7 Team Sports in the Olympics

Most of these sports are more famous outside of the Olympics. As a rule, they must be played with at least three athletes a side.
7 Team Sports in the Olympics

Last update: 17 November, 2019

When talking about team sports in the Olympics, we’re referring to sports in which there are at least three participating athletes per team, during the entire course of the game. Learn more about them in the following article.

Which team sports are practiced in the Olympics?

Let’s dive into team sports in the Olympics. Some of them include basketball and soccer, which are very popular outside of this competition that takes place every four years.

Basketball in the Olympics

Basketball is a sport in which two teams consisting of five players face off against each other with the objective of throwing the ball into a basket – hence its name. It’s been an Olympic sport since 1936, although it was created in 1891 in the United States. It was on display during the 1928 Amsterdam Games.

Olympics handball


Handball is a sport in which two teams of seven players (six field players and one goalkeeper) play against each other with the objective of using their hands to throw the ball into the opposite goal post. This discipline first appeared in the Olympics in 1936, it was also present in the 1972 and 1976 games.

Soccer in the Olympics

Soccer is the most popular sport in the world. However, it’s not very prominent in the Olympics. Soccer is played with 2 teams of 11 players (10 outfield players and 1 goalkeeper). The sport is played on a 100-meter long rectangular field.

The ball can be manipulated with the feet or the head. Touching the ball with the hands is not allowed. When it comes to the Olympics, soccer has been featured since the competitions first editions. Women’s soccer was introduced in the 1996 Atlanta Games.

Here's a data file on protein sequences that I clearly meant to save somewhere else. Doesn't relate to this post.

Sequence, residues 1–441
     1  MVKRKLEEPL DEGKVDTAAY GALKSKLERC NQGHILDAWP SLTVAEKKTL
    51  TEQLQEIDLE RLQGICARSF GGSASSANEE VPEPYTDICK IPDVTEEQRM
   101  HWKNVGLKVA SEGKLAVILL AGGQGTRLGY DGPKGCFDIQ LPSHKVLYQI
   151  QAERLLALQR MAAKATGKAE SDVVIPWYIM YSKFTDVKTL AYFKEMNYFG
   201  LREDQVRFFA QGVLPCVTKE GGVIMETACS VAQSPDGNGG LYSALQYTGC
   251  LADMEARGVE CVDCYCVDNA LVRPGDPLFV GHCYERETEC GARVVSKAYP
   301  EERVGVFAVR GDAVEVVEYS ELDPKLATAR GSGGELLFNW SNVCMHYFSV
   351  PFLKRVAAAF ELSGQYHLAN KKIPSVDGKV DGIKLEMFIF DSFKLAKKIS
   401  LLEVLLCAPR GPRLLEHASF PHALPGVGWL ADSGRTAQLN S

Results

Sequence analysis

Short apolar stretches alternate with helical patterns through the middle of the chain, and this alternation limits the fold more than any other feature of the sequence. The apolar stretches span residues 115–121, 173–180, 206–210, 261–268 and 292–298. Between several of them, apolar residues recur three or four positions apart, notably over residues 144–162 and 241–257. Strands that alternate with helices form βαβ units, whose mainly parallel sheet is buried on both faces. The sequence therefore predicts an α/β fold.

Field hockey

This is another well-known sport on an international level. It consists of two teams of 11 players (1o field players and 1 goalkeeper). The objective of the game is to introduce the ball into the opponent’s goal. Sticks are used to move the ball across the field. Mouthguards are worn in field hockey.

Field hockey

Synchronized swimming: a team sport in the Olympics

Synchronized swimming or artistic swimming is a discipline that combines dance and gymnastics with swimming. Swimmers have to make elaborate rhythmic movements both inside and outside of the water.

Although synchronized swimming can be practiced individually, most competitions take place with teams of eight to ten team members. It’s been an Olympic sport since 1984.


Volleyball is another Olympic sport that’s worth mentioning. It’s played by two teams made up of six players each. Volleyball is played on a rectangular court, separated in the middle by a 2.43 meter net for men and 2.24 meter net for women.

The objective of the sport is to pass the ball to the other side of the court using a maximum of three touches between the players of the same team. While volleyball was featured in the 1924 games in Paris, it had to wait for 40 years to become official – Tokyo 1964.

Water polo

The last sport we’d like to share with you is water polo. As the name implies, it’s played in a pool between two teams of seven (six players and one goalkeeper). The ball is moved around the pool with the hands. The objective of the sport is to throw the ball into the opponent’s goal.

Waterpolo olympics

Players aren’t allowed to step on the floor of the pool, they must stay afloat for the duration of the game. Each water polo match consists of four seven-minute periods.

It’s also important to keep in mind that there are other team sports in the Olympics such as 4 x 100 swimming, running and rowing. 

All cited sources were thoroughly reviewed by our team to ensure their quality, reliability, currency, and validity. The bibliography of this article was considered reliable and of academic or scientific accuracy.

  • Grant, M. E., Steffen, K., Glasgow, P., Phillips, N., Booth, L., & Galligan, M. (2014). The role of sports physiotherapy at the London 2012 Olympic Games. British Journal of Sports Medicine. https://doi.org/10.1136/bjsports-2013-093169

This text is provided for informational purposes only and does not replace consultation with a professional. If in doubt, consult your specialist.